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Terror groups target the vulnerable while seeking female converts.

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Western Women Jihadists

Terror groups target the vulnerable while seeking female converts.

Before news broke last week of the two female suicide bombers in Moscow, Americans had already learned that two U.S. women—known as Jihad Jane and Jihad Jamie—were arrested last month for ties to a terrorist plot against the life of a Swedish cartoonist.
 
Jamie was later freed, while Jane has pleaded not guilty. Whether their acts were criminal or not, their associations with other jihadists opened a new front in the War on Terror: Western women making connections with terror groups.

In January, the UK Telegraph reported that al Qaeda’s terror cells trained “a group of female suicide bombers to attack Western targets.” It added, “These women may have a non-Arab appearance and may be traveling on Western passports.”

Steve Emerson, executive director of the Investigative Project on Terrorism, says there’s little doubt al Qaeda wants to expand the  demographic of suicide bombers, but said it is unclear how terrorist groups will seek out Western-looking women to convert to the cause.

But certain psychological triggers are a factor when an American girl-next-door turns to female jihad, other experts said.

Robert Spencer, the director of the website Jihad Watch and author of several books on Islam, says that Americans who convert are required to exchange a culture that relishes life for one that relishes death.

“The idea of love for death is something that runs through the world view of the Islamic jihadis,” Spencer said.

He referred to a comment from a jihadist in Afghanistan who said Americans love Pepsi-Cola the way they love death. “It sums up the difference in the mindset,” Spencer said. “Americans do love life, they love living, they love the things of life.”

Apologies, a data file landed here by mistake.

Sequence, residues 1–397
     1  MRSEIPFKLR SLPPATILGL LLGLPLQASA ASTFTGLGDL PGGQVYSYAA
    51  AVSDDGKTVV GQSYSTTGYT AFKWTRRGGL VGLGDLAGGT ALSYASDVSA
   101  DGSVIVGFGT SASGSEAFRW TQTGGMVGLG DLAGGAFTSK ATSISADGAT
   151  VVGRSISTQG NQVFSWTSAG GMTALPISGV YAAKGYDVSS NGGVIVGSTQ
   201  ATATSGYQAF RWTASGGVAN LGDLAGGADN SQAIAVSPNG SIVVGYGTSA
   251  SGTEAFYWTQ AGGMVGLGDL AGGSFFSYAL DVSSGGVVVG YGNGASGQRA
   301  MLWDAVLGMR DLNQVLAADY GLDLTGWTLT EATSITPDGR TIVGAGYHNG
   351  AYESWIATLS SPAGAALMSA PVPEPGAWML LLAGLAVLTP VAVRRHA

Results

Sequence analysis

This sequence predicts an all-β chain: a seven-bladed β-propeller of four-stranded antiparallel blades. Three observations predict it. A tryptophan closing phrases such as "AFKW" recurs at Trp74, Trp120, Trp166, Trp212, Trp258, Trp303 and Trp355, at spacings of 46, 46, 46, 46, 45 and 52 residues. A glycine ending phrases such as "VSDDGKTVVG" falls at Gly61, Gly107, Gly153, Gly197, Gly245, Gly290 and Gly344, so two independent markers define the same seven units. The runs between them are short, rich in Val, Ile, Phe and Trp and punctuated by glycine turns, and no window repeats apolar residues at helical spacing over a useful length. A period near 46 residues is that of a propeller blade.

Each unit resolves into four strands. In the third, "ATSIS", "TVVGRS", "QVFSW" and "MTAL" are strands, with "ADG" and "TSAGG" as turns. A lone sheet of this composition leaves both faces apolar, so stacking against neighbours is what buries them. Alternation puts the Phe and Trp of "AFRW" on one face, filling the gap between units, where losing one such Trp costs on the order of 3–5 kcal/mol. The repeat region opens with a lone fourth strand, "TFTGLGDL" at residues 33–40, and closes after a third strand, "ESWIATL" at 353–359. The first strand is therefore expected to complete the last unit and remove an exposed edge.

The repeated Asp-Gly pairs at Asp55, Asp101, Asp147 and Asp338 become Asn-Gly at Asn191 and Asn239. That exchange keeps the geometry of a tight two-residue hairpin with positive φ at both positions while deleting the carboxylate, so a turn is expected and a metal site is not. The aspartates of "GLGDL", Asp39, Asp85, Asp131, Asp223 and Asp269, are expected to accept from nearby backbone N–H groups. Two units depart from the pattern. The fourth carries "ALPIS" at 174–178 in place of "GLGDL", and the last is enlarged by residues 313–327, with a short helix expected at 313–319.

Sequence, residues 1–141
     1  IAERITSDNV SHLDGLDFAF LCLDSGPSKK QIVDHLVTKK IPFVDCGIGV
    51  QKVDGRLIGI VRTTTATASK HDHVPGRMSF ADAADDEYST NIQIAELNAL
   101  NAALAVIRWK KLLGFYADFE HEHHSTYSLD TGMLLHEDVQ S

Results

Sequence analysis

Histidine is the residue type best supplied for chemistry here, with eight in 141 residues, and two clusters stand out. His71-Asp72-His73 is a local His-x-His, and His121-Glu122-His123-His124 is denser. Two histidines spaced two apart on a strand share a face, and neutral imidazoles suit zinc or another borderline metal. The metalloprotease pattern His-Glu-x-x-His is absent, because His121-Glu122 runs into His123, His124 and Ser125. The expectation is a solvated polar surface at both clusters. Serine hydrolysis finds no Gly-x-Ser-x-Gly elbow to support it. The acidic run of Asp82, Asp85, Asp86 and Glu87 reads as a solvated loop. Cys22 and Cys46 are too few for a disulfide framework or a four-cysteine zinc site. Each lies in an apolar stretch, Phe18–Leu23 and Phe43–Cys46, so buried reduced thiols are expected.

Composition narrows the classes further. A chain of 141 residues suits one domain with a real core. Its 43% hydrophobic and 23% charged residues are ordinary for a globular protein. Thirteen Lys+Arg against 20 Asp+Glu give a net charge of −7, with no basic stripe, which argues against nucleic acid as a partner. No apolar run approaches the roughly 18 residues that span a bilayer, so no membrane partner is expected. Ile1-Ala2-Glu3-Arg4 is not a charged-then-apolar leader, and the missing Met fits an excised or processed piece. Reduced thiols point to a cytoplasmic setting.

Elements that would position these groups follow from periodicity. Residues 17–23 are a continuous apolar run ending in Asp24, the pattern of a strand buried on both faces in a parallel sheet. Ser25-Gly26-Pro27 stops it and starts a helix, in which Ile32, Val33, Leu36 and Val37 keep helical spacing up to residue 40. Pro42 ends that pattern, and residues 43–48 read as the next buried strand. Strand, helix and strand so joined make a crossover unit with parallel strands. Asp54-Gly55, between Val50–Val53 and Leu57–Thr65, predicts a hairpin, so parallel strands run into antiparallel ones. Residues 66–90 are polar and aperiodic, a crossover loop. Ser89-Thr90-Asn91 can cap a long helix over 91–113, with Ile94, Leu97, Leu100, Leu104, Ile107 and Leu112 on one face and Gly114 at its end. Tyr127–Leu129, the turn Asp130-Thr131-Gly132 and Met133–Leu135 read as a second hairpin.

Spencer says there is a concerted effort in Islam to attract Western women, often by appealing to their frustration at being objectified in today’s Western societies. 

Take Jasmine Pinet, the subject of a 2004 Christian Science Monitor story on U.S. Latinas converting to Islam.  In the article, Pinet says she’s been treated with greater respect because men aren’t going to come up to her and say, “’Hey mami, how are you?’…They don’t look at you like a sex object.” The article said that “many of the Latina converts say that their belief that women are treated better in Islam was a significant factor in converting.”

Nonie Darwish, author of “Cruel And Usual Punishment: The Terrifying Global Implications of Islamic Law”, disputes the notion that Islamic “respect” for women is in any way beneficial. Darwish was an Egyptian-born Muslim who converted to Christianity after coming to the United States. She said the way that Muslim societies treat women would be sexual harassment in the West.

“It doesn’t mean ‘respect’ that we’ll get your opinion before we have a second wife,” Darwish said. “That is the respect they mean… you wear your head covered, you don’t leave the house without my permission. And I’ll feed you. I’ll feed you for free, and I’ll have sex with you whenever I want, and if you say no, I can beat you.” She said Islamic law does not require an explanation for beating a wife.

Darwish said women who chose not to cover themselves are viewed as “uncovered meat—they are inviting sexual harassment.” She referred to a case in Australia where a sheik suggested that a group of girls were partly to blame for their rape by Muslim men because of their wardrobe choices.

Darwish identified other reasons that lead American women convert to Islam and make them susceptible to radicalization: They’re broken individuals or they are involved in a romantic relationships with a radical Muslim.

“There are vulnerable individuals in every society [susceptible] to the jihadist propaganda,” Darwish said.

The Washington Post described Jihad Jane as a “ high school dropout” and “married at least twice and, over several years since the mid-1980s, had been arrested in South Texas for writing bad checks and driving while intoxicated.” The Post also reported one of Jihad Jane’s Internet posts in 2007 asked “how to bring an Egyptian boyfriend with whom she had been corresponding for more than a year to the United States for Christmas.”